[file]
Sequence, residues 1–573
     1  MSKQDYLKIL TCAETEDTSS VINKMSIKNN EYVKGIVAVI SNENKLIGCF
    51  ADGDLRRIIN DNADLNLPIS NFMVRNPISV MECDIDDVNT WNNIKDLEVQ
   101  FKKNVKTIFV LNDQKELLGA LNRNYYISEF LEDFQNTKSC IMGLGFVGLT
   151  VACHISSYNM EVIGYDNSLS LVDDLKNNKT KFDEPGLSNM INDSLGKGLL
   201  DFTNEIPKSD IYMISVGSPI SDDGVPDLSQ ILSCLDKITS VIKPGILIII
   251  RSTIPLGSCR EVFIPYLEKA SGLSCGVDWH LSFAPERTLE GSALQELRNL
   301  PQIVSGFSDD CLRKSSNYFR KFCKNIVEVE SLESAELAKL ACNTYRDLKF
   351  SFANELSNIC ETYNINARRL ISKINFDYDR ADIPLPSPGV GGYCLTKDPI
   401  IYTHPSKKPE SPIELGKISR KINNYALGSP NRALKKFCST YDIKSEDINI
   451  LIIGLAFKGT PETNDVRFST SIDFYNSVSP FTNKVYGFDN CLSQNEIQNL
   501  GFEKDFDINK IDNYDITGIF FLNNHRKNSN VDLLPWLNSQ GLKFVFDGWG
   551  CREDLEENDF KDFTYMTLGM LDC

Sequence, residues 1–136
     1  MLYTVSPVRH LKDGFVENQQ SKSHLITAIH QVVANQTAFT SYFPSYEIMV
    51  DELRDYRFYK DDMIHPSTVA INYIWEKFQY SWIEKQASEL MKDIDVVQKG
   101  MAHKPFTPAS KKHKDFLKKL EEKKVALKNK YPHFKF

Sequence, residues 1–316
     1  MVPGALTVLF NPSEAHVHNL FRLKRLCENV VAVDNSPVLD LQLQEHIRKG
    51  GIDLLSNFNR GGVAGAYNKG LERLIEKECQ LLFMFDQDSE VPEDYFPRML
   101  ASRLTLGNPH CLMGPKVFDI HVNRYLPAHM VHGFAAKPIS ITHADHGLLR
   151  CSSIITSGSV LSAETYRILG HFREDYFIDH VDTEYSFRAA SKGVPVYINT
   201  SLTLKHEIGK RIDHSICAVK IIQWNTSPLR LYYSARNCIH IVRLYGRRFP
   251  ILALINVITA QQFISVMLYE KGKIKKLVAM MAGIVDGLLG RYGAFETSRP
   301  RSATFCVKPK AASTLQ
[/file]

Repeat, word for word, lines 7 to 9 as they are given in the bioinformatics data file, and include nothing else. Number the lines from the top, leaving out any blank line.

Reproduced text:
   251  RSTIPLGSCR EVFIPYLEKA SGLSCGVDWH LSFAPERTLE GSALQELRNL
   301  PQIVSGFSDD CLRKSSNYFR KFCKNIVEVE SLESAELAKL ACNTYRDLKF
   351  SFANELSNIC ETYNINARRL ISKINFDYDR ADIPLPSPGV GGYCLTKDPI